But from a risk-reward perspective, Google should probably stand down and agree a remedy with Vestager's office, in this and the other two cases. By playing nice for a change, Google can, among other things, reduce the likelihood of new investigations. Its tax arrangements in Europe are highly suspect. It promotes its own restaurant and travel listings over those of rivals. It's a big fat target, and the commission is unlikely to leave it alone if it plays the insolent American cowboy. Yes, there's always this element of anti-Americanism to punitive European rulings against big U.S. companies -- but then it's usually worth it to go local in large markets such as Europe and try to play by the rules, even if they don't always seem fair.

Article Link To The Bloomberg View:

Madoff Settlements Reach $12 Billion With New Accords

By Jonathan Stempel
June 28, 2017

The trustee recouping money for Bernard Madoff's victims on Tuesday announced nearly $371 million of new settlements with two groups of offshore funds that invested with the imprisoned Ponzi schemer, boosting the total recovery to about $12 billion.

Irving Picard, the trustee, said Lagoon Investment Ltd agreed to repay $240.7 million from an account through which Hermes International Fund Ltd invested with Madoff, while Thema Fund Ltd and an affiliate agreed to repay $130.1 million.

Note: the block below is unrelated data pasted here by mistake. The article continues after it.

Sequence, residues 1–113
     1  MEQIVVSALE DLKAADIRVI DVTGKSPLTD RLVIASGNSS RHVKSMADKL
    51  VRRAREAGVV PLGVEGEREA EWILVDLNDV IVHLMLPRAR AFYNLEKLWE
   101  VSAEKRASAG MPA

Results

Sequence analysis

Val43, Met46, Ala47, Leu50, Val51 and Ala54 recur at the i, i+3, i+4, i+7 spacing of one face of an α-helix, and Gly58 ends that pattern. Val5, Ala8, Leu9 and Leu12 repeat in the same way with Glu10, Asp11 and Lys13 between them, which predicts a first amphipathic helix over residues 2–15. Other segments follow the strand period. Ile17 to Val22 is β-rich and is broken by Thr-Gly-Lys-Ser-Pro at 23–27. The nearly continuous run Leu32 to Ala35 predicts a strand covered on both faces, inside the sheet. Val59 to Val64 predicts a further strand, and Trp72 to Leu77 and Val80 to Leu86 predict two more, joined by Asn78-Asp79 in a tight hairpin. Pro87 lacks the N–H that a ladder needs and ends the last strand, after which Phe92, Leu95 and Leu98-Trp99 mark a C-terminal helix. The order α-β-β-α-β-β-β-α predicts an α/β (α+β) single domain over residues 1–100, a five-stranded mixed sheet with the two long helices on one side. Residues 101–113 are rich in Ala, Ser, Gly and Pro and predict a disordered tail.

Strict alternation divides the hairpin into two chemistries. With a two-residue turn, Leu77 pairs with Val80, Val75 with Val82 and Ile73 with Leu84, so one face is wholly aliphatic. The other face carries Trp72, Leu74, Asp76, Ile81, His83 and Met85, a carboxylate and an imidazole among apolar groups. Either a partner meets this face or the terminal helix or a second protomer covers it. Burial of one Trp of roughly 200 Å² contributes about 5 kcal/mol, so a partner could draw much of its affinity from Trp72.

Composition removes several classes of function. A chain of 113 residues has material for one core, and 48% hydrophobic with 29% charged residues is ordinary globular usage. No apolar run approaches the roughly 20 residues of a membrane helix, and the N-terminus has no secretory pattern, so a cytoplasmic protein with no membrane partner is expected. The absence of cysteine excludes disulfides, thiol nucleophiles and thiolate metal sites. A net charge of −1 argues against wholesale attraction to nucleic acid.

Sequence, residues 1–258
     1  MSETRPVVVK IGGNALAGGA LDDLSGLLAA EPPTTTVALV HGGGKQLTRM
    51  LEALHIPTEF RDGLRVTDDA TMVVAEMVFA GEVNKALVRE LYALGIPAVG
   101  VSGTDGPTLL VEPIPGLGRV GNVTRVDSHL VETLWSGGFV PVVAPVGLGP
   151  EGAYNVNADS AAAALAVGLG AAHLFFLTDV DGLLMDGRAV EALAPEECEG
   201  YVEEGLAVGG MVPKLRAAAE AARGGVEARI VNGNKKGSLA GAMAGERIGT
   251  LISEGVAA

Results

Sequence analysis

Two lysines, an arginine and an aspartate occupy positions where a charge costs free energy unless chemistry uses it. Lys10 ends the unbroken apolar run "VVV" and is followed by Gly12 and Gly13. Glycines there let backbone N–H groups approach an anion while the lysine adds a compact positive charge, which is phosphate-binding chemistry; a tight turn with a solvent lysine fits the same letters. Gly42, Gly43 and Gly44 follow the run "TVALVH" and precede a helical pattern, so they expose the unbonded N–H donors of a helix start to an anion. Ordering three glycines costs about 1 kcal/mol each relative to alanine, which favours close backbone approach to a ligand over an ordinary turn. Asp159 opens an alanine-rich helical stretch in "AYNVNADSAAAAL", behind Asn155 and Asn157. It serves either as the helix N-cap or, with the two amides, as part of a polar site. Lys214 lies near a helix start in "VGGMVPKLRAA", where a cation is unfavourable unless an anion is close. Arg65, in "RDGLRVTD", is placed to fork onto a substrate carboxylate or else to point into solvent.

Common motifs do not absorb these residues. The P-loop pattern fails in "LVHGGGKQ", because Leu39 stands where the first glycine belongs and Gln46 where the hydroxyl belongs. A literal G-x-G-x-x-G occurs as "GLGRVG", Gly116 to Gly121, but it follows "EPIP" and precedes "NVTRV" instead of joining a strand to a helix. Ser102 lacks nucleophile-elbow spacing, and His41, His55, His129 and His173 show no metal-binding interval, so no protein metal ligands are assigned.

Picard announced the settlements with British Virgin Islands-based Lagoon and Bermuda-based Thema one day after revealing more than $23 million of settlements with the estates of Madoff's late sons Andrew and Mark, and entities affiliated with the Madoff family.

Lagoon and Thema were among many feeder funds that sent customers' money, often without their knowledge, to Bernard L. Madoff Investment Securities LLC.

Picard said the recovered sums represent money withdrawn in the six years before Madoff's fraud was uncovered in December 2008.

Like many other former Madoff customers that settled with Picard, Lagoon and Thema will be entitled to share in distributions from the Madoff firm's liquidation.

Picard had previously recovered more than $11.6 billion for Madoff customers who he estimates lost $17.5 billion.

The trustee and Baker & Hostetler have been awarded more than $889 million of compensation for their work on Madoff matters through Nov. 30, 2016, according to an order signed by U.S. Bankruptcy Judge Stuart Bernstein, who oversees the process.

A hearing to consider approving the settlements with Lagoon, Thema and the Madoff sons' estates has been set for July 26.

Andrew Madoff died of cancer in September 2014 and Mark Madoff committed suicide in December 2010. Bernard Madoff, 79, is serving a 150-year prison term.

The case is Securities Investor Protection Corp v. Bernard L. Madoff Investment Securities LLC in the same court, No. 08-01789.

Article Link To Reuters:

Ransomware Becomes Go-To Hack As Bitcoin Rallies, NSA Tools Leak

Tuesday’s extortion hacks locked computers from Europe to U.S.; Ransomware demands rising as payouts top seven figures.

By Jordan Robertson
June 28, 2017

A recent outbreak of ransomware attacks, from the WannaCry worm in May to Tuesday’s infection of thousands of computer systems around the globe, shows that digital stickups are becoming the go-to hack for cybercriminals, fueled by powerful leaked U.S. government exploits and the rise of bitcoin and other anonymous digital currencies.